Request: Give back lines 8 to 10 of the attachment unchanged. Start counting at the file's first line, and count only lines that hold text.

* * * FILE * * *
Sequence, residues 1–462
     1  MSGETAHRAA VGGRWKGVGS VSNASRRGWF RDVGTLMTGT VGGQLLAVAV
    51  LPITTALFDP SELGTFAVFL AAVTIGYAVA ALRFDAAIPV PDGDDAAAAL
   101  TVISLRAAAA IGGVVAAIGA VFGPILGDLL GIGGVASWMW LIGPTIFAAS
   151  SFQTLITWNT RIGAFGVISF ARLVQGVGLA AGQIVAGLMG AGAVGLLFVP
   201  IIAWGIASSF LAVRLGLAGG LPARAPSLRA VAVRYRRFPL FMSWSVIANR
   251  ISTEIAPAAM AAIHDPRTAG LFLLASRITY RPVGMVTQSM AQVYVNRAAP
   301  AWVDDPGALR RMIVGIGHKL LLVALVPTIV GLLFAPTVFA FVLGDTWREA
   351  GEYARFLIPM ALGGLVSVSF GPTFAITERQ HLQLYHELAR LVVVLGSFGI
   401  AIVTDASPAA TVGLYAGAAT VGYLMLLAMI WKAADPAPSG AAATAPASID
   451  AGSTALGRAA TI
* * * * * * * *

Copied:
   301  AWVDDPGALR RMIVGIGHKL LLVALVPTIV GLLFAPTVFA FVLGDTWREA
   351  GEYARFLIPM ALGGLVSVSF GPTFAITERQ HLQLYHELAR LVVVLGSFGI
   401  AIVTDASPAA TVGLYAGAAT VGYLMLLAMI WKAADPAPSG AAATAPASID